The Pilgrims’ Gratitude

A Thanksgiving Choice

Give thanks to the Lord, for he is good; his love endures forever. Psalm 107:1

When William Bradford wrote about the Pilgrims’ 1620 arrival in the New World, he said, “Having found a good haven and being brought safely in sight of land, they fell upon their knees and blessed the God of Heaven who had brought them over the vast and furious ocean, and delivered them from all the perils and miseries of it.”[1]

But as thankful as they were to stand on dry land, he said, “What could they see but a desolate wilderness, full of wild beasts? … What could now sustain them but the spirit of God, and His grace?”

Bradford then refers to Psalm 107, which exalts God’s goodness to the Israelites despite their erratic loyalty to him. Bradford paraphrased the refrain the psalmist repeats four times: “they cried unto the Lord, and He heard their voice, and looked on their adversity. … Let them confess before the Lord His loving kindness, and His wonderful works before the sons of men!”

The psalmist mentions many perils—oppression, homelessness, hunger, imprisonment, and stormy seas. In hardship, the Israelites turned to God for help, yet they soon returned to their sinful practices (see Psalm 106:43).

According to Bradford, the pilgrims faced similar trials, yet they remained faithful to God. They were confident He’d guide them to “a city where they could settle,” and in “their desired haven,” they could worship Him freely (Psalm 107: 7, 30).

Psalm 107 ends with this admonition: “Whoever is wise, let him heed these things and consider the great love of the Lord” (v. 43). Bradford and the Pilgrims followed that counsel. They thanked God even though they didn’t know how they’d survive that first winter in the New World. And many of them died over the next four months. But in April 1621, two native Americans–Samoset and Squanto–befriended the newcomers and taught them how to raise crops, which led to the first Thanksgiving feast in the autumn of 1621.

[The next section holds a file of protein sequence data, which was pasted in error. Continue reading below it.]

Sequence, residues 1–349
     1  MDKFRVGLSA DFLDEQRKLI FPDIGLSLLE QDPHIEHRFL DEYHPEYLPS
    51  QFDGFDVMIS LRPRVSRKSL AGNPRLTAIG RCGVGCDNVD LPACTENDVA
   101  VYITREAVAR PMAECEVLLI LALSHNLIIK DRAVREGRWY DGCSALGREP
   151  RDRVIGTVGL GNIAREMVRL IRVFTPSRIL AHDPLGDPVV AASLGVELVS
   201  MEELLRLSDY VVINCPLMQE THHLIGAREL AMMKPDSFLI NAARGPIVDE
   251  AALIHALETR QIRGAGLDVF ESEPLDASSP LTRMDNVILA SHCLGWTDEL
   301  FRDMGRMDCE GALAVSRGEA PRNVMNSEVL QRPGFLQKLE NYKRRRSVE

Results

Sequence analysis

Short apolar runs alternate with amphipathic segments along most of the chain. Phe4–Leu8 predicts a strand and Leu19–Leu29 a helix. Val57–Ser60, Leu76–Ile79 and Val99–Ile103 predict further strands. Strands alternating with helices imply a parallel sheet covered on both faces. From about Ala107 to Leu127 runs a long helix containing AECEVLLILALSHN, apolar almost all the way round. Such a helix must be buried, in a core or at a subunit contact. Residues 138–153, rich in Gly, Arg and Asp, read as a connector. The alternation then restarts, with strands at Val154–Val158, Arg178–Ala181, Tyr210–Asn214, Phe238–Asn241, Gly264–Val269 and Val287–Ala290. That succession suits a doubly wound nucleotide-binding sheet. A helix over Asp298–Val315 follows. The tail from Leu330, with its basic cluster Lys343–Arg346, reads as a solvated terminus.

We have the same choices the Pilgrims and the Israelites had. In hardship, we can turn to God or run from him. We can allow difficulty to strengthen our faith or strangle it. We can remain confident in God’s goodness and plan, or we can doubt His character and purposes.

Whose example will you follow this Thanksgiving?


Read Psalm 107. Which of the hardships described do you most relate to during this season of life? Are you able to give thanks to God anyway? Why or why not?

Read 2 Corinthians 4:8–18. What enabled Paul to give thanks during the trials he faced? What do you think he means by “an eternal glory that far outweighs them all”?

Read Psalm 146. What reasons for praising God does the psalmist give? What would you add to his list?

Denise K. Loock

[1] William Bradford, Of Plymouth Plantation, Illustrated. (Amazon Digital Services, September 2014). Kindle version, “Section IX. The Mayflower sails from Plymouth—Voyage—Arrival at Cape Cod: September–November 1620.”


  1. Really interesting connections, Denise…also interesting that even as we need to give thanks during trials, we also need to praise Him steadily through the good times, as often Satan lulls us away when all is rosy…

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